DuBruck, Edelgard E. 1993 0-7734-9328-X 186 pages This study examines two fields of research: German society of the fifteenth century, and its carnival comedies. This is a detailed treatment of the four classes (peasants, urban middle class, clergy, and nobility), including such aspects as health, the self and its historicity, and general rules of conduct. The German carnival plays are valuable literary texts allowing insight into fifteenth-century life. This book examines most of the 127 comedies in the Keller collection, listed in one of the indices, and provides translations of all quotations into modern English. It also contains a synoptic tabulation of the Nürnberg plays, valuable to both drama specialists and medievalists.
Kort, Eva 2015 1-4955-0287-2 116 pages This book opens a new dialogue for philosophical treatments of humor and comedy. It traces their history from the Dionysian Performance Tradition and brings a fresh perspective to the issue as it recasts standard interpretations of the Aristotelian theory in broader terms that offer new grounds for distinguishing ‘humor’, ‘comedy’ and ‘mirth’.
Knittel, Frank 1995 0-7734-8994-0 136 pages This edition marks the first time that Mankind has been deemed worthy of a full critical examination. It lays to rest the contention that the play is obscene and crude. The evidence presented in the critical introduction, the body of the play itself, and the opinions of current scholars demonstrate that Mankind, more than any other medieval drama, is a link to the Renaissance drama immediately following. With its intricate, well-developed metrical scheme and moral and philosophical themes, it represents an artistic achievement beyond that found in the typical drama of the Middle Ages. Its occasional humor as well as its high seriousness provide a happy combination of both wit and morality.
Davis, Maria 2012 0-7734-3063-6 468 pages While writers such as Cervantes or Moliere could have written their works with humorous intentions, critics have a tendency to offer complex interpretations of their work that negate some of the fun they have. Nevertheless, there has been a trend in the last few years that authors previously considered pessimistic and tragic have been reimagined as comic writers.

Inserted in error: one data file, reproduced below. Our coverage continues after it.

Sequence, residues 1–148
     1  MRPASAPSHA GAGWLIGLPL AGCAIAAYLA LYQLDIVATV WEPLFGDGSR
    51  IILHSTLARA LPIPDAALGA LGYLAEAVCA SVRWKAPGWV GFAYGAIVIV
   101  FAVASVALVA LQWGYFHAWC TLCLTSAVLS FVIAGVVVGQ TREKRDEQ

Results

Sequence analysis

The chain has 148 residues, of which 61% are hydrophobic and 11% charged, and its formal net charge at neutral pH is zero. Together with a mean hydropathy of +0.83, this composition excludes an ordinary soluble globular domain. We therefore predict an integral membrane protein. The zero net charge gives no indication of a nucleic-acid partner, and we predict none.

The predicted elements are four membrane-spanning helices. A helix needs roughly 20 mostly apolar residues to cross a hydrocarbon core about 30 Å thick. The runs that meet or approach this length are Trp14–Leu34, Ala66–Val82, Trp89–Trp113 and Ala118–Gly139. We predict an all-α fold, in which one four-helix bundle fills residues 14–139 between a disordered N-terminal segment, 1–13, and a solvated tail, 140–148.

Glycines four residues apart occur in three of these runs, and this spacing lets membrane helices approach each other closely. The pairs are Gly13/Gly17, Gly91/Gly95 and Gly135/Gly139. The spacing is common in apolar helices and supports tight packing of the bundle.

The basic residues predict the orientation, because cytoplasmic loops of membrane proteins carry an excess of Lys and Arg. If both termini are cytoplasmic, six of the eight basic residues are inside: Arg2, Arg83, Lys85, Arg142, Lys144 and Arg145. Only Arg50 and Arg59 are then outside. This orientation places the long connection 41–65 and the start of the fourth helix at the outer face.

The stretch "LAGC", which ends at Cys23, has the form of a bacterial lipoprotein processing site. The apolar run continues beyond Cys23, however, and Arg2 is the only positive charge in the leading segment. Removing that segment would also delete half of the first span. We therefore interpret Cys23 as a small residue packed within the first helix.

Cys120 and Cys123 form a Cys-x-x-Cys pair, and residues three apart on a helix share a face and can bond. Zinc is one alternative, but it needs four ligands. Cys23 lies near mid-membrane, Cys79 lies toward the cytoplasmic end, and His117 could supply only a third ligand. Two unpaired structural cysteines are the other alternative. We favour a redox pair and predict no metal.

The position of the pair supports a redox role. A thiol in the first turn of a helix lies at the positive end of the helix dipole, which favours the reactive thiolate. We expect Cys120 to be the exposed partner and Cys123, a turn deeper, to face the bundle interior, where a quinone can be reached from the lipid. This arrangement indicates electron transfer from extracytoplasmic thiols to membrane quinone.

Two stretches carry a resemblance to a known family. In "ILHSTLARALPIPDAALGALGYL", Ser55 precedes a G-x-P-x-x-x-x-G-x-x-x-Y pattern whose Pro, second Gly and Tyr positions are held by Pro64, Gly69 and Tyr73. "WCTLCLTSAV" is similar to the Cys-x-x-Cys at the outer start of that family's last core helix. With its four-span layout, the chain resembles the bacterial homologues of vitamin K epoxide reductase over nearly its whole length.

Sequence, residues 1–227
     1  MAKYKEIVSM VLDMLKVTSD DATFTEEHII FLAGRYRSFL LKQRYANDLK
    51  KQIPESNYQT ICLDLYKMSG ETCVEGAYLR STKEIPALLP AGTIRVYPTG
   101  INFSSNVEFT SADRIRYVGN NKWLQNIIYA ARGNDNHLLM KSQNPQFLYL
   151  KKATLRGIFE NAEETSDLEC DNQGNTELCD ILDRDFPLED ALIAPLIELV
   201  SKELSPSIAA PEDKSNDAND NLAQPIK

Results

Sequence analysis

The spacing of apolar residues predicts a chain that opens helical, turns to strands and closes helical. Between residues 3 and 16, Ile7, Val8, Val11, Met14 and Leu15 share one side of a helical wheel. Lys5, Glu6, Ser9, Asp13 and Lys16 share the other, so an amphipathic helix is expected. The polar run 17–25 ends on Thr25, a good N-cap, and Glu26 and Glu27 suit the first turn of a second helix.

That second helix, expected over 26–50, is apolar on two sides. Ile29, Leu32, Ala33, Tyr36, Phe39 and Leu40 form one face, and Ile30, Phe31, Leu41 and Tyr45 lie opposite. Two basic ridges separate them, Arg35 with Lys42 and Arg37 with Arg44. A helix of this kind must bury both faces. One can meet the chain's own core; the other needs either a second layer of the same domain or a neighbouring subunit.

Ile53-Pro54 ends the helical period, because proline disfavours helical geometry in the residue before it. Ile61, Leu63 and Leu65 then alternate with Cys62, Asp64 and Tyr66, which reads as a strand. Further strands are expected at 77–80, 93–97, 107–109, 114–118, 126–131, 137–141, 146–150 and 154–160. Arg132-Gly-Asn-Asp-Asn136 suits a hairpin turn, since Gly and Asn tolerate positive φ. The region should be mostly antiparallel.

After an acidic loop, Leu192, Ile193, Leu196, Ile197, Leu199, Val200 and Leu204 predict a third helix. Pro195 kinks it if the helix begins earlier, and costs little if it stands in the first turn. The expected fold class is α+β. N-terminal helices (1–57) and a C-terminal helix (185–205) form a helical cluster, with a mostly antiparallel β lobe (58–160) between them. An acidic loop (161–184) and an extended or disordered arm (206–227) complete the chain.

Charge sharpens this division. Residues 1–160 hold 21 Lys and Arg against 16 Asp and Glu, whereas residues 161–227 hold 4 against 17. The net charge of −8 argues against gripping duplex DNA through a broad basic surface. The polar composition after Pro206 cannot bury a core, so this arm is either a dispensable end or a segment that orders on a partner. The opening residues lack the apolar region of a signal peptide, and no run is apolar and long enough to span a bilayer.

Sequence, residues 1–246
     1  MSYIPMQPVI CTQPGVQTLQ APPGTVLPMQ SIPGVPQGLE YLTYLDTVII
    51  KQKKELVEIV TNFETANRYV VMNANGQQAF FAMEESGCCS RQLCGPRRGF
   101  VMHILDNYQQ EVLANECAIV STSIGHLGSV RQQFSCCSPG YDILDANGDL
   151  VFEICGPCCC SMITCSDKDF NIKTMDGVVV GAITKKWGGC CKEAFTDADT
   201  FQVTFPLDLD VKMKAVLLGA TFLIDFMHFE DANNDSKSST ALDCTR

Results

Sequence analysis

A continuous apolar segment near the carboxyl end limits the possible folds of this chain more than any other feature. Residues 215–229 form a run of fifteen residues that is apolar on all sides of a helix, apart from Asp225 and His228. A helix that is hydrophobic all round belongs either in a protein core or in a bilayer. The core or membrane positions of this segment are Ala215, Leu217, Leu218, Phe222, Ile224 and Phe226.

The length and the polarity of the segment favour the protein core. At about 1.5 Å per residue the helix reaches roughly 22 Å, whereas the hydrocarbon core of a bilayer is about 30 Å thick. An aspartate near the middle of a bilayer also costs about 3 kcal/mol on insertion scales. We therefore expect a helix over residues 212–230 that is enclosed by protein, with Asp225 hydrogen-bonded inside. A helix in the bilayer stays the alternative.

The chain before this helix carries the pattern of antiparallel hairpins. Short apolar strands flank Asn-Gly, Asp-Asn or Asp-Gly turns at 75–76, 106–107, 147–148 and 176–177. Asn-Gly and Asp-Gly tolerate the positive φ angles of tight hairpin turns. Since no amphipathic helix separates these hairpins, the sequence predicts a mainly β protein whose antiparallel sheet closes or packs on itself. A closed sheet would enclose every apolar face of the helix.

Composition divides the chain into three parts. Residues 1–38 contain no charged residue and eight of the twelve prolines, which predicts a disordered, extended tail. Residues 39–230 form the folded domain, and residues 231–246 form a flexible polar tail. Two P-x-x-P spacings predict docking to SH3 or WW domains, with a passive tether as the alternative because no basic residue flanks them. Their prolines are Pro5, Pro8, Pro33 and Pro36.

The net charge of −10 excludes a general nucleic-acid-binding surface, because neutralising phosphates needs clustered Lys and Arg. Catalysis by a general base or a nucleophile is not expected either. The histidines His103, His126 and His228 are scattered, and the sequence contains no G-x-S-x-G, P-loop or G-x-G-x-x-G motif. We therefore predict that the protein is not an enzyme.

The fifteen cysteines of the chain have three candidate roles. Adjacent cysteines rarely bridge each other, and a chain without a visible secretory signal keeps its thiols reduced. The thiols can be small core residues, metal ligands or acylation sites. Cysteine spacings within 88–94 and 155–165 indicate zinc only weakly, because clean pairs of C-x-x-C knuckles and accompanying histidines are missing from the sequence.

Márquez falls into this category, which depicts a difficult Latin American reality with humor and irony. He does this because he cannot fathom the continents actual historical events being portrayed using a realistic approach. As they say, fiction is far more interesting than reality. Because of this he employs hyperbole, employed through his famous technique of “magical realism”, which uses humor to create a release, or catharsis in the readers.
Seaver, Paul W. Jr. 1992 0-7734-9886-9 248 pages This is a study of the humorous techniques employed by Jardiel in the novels and plays that comprise his first humorous phase. This first period constitutes a time of experimentation with audacity and inventive verve of new humorous themes and techniques, his establishment on the Madrid stage as viable theatrical author, and the development of his characteristic style. Based on his new esthetic precepts of renovation of the comic form, he developed a personal style of writing called "jardielism," characterized by hyperbole, the wildly ridiculous and the highly implausible. Further, as a result of his exposure to Hollywood in the 1930s, his works evidence a strong cinematic quality. The four novels studied are: Amor se escribe sin hache; ¡Espérame en Siberia, vida mía!; Pero... ¿hubo alguna vez once mil vírgenes?; and La `tournée' de Dios. Also examines the humorous structures in eight plays.
In Spanish throughout.
Parkin, John 1997 0-7734-8459-0 324 pages This volume examines six theorists of humour who have emerged as particularly influential in the 20th century: Henri Bergson, Sigmund Freud, Mikhail Bakhtin, Arthur Koestler, Northrop Frye, and Helene Cixous. Their major theories are reviewed and tested, and major principles of the theories are set in context with one another, while also being inserted into an over-view which borrows from all of them but is determined by none.
Risden, Edward L. 2013 0-7734-4300-2 156 pages “This eloquent, richly detailed book…makes important contributions to the theory of humor and to our understanding of Old English literature by striking a subtle balance between hostile and social functions of humor. This is a book teachers and scholars will cherish for years to come.” -Dr. Nickolas Haydock, University of Puerto Rico